1755 - Moonspell
Genre: Gothic Metal
Review by Tomina Vincent
Moonspell’s latest effort, 1755, is an astounding record. Being ambitious is one thing, but pulling it off is an entirely different thing altogether. To say Moonspell pulled it off is a gross understatement.
1755 is a journey to another world. The symphonic elements, blistering guitar work and effortlessly heavy vocals create a brand of metal that is simultaneously modern and timeless. The band utilises a variety of instruments – strings, bongos, and a full choir. The album is produced by Tue Madsen, known for his work with colossal metal acts such as Meshuggah, The Haunted, Dark Tranquility and Dir En Grey, and the production is truly flawless.
This album represents the year of horror where a giant earthquake wrecked the bands home town of Lisbon, and is entirely sung in Portuguese (the lyrics are also provided in English). But despite using an entirely new language to tell their story, the music speaks for itself and paints a picture of darkness and grandeur that is extremely easy to get lost into.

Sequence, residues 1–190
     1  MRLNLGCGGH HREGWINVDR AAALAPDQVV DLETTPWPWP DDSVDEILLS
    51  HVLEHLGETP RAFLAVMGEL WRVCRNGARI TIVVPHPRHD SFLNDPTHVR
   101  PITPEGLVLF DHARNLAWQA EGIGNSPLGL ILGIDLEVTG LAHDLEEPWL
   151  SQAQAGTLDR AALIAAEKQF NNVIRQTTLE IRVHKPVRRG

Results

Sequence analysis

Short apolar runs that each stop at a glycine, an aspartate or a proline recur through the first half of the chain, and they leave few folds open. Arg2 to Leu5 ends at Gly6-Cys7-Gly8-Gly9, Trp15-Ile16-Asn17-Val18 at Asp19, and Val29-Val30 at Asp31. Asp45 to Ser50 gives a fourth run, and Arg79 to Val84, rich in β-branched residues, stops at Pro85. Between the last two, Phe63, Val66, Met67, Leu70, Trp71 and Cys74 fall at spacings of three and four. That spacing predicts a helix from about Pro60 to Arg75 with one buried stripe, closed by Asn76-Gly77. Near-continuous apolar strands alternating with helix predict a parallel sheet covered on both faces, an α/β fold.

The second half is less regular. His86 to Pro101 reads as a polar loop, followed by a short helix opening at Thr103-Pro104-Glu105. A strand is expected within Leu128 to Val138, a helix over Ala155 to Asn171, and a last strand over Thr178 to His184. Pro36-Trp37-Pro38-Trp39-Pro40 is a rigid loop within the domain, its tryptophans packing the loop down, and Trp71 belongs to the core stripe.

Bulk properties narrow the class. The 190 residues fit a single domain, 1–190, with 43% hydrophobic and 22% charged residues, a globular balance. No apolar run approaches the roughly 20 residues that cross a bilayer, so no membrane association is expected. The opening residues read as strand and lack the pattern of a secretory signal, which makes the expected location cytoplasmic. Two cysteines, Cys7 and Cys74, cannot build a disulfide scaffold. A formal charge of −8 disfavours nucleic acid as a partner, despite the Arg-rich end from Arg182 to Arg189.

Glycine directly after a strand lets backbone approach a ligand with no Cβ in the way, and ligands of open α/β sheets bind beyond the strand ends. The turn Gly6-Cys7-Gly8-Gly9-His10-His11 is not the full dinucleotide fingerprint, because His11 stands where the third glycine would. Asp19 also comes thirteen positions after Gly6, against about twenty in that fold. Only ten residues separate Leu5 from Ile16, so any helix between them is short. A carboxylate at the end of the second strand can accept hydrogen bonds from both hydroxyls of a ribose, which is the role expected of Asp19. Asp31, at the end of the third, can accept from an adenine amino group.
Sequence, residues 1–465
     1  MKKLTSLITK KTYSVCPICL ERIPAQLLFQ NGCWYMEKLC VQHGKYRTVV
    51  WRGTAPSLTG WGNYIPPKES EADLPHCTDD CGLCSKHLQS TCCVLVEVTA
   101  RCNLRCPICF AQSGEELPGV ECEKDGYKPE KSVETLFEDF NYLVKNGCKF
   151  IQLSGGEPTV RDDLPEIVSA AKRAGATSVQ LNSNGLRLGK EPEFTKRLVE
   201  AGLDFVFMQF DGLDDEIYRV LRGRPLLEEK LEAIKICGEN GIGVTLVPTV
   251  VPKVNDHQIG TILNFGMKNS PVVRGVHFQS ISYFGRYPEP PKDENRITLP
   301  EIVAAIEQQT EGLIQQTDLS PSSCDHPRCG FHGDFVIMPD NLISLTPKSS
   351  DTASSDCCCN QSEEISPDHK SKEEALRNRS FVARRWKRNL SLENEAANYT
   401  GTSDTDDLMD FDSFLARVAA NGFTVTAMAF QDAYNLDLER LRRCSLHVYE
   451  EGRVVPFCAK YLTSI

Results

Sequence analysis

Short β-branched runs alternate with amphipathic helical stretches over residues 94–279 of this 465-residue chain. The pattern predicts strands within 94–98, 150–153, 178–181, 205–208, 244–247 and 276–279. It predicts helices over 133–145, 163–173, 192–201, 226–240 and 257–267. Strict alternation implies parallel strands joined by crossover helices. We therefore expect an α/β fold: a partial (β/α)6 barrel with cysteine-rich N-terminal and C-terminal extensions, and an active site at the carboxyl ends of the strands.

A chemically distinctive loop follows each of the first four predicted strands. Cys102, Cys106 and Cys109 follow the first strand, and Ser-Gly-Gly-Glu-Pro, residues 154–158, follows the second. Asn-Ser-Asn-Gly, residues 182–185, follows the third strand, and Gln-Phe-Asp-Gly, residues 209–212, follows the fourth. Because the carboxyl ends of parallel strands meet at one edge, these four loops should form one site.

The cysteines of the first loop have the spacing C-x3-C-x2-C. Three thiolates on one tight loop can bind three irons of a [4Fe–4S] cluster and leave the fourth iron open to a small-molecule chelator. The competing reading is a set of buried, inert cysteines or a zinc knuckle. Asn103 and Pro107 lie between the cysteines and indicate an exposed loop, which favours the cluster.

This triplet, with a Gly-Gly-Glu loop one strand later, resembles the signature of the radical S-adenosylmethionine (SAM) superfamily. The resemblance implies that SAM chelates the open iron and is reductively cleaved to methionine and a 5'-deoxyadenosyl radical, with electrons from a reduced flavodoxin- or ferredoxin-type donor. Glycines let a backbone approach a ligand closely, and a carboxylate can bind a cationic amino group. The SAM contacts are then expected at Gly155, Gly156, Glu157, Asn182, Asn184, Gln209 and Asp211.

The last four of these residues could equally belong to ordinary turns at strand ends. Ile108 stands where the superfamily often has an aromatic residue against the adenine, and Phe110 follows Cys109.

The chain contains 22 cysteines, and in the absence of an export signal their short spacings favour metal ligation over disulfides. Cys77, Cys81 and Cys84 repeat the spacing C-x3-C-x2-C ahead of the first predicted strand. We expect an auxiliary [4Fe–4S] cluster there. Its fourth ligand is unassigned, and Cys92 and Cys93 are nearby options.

Every song feels like a new beginning, and has a cinematic quality difficult to tear away from. Coming across as a symphonic metal opera of huge proportions, 1755 has an almost Wagner-esque quality to it, a sense of opulence and drama that is somewhat characteristic to Moonspell, but never before explored to this degree. This record can easily be described as the band’s magnum opus.
1755 is a monstrous record – a beautifully cinematic, all consuming sonic experience. An utterly brilliant release from one of metal’s most prolific and beloved bands.
10 out of 10.